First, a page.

Data on 470,000 members of UK’s biggest pension fund USS exposed in Capita cyberattack

Britain’s biggest pension fund the Universities Superannuation Scheme (USS) has revealed that data on 470,000 of its members may have been stolen during March’s cyberattack on Capita. It is the first indication of the extent of the breach at the outsourcing giant.

470,000 records from USS, the UK’s largest pension fund, may have been accessed The fund manages assets worth £82bn, and is the UK’s largest private pension provider, acting as the principal pension scheme for universities and higher education institutions in the UK.

It said in a statement today that data on its members was compromised during the Capita hack. Capita had initially said no customer data was stolen in what it describes as a “cyber incident”, but later admitted it is likely some information had been taken, and said in an update this week that “data was exfiltrated from less than 0.1% of its server estate”.

USS data stolen in Capita hack

This apparently included data belonging to USS members. The pension fund said in a statement released today that “we were informed on Thursday 11 May that regrettably details of USS members were held on the Capita servers accessed “The details, dating from early 2021, cover around 470,000 active, deferred and retired members.”

Personal data such as this can be used USS said that while “Capita cannot currently confirm if this data was definitively ‘exfiltrated’ (ie, accessed and/or copied) The statement added that the fund is waiting on Capita to provide details on specific information that was accessed, and said: “We are sorry that member data has been accessed in this way.

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“We are proactively engaging with Capita in respect of their ongoing investigations and are considering the next steps available to us. We also continue to engage with them about the ongoing support they will be providing to those affected.”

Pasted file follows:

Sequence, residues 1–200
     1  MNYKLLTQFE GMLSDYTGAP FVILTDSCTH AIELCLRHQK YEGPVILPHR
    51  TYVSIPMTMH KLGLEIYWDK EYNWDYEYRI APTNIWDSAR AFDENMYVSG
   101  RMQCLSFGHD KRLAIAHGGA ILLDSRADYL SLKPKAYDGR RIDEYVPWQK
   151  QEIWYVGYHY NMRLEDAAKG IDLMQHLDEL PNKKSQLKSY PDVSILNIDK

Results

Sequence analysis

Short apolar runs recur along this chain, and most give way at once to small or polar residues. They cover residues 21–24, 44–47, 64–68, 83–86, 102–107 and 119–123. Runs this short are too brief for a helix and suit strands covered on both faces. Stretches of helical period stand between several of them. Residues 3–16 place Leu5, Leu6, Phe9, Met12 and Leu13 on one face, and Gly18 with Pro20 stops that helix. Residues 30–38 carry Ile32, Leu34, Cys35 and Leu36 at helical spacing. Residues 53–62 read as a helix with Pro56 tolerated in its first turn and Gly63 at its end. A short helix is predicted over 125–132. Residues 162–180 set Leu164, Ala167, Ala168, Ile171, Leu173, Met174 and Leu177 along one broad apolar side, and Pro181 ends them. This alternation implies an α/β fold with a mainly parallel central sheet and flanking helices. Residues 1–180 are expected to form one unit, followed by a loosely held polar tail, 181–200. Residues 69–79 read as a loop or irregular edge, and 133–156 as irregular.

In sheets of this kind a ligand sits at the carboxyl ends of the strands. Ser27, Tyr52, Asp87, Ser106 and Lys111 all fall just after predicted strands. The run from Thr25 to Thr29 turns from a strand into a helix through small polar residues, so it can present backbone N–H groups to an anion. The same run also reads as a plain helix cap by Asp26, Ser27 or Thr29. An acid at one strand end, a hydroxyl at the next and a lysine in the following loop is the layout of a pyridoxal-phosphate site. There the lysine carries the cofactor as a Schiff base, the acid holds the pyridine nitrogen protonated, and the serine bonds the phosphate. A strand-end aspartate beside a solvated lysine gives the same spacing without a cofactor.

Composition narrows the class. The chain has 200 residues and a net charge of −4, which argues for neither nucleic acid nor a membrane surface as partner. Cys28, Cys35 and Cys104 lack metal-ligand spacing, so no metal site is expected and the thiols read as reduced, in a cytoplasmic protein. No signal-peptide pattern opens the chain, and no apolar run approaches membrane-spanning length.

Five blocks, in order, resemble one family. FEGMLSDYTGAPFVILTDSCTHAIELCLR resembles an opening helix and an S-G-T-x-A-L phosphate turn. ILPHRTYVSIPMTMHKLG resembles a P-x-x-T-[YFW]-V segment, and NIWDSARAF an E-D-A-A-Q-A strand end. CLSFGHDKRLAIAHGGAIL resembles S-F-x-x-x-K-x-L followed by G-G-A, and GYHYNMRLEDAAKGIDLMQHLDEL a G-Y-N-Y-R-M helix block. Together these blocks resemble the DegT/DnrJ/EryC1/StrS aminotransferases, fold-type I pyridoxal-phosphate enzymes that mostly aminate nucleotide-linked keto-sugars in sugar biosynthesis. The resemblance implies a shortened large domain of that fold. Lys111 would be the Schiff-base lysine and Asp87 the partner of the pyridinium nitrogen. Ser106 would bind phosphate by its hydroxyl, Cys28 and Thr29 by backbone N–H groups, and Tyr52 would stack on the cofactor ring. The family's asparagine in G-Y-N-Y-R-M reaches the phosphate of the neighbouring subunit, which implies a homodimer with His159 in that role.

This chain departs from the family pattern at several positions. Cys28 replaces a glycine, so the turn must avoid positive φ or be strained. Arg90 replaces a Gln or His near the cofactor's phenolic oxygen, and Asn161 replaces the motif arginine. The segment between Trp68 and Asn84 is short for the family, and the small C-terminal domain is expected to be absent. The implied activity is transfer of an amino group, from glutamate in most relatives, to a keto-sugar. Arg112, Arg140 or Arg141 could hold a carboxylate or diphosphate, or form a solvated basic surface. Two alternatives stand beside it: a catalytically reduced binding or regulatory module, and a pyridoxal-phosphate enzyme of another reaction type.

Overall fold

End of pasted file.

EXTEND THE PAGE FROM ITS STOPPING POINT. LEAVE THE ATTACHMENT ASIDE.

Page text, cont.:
Capita cyberattack shockwaves continue

Tech Monitor reported last week that pension fund data may have been stolen in the breach, with financial regulator the Financial Conduct Authority writing to all UK funds that work with Capita. It provides services to hundreds of pension funds, as well as large swathes of the public sector.

The incident left staff at the outsourcing company without access to internal systems, and the knock-on effects saw services at organisations up and down the country disrupted for days.

In a statement released on Wednesday Capita said it is “working closely with all appropriate regulatory authorities and with customers, suppliers and colleagues to notify those affected and take any remaining necessary steps to address the incident.”

It expects the breach to cost it between £15-£20m.

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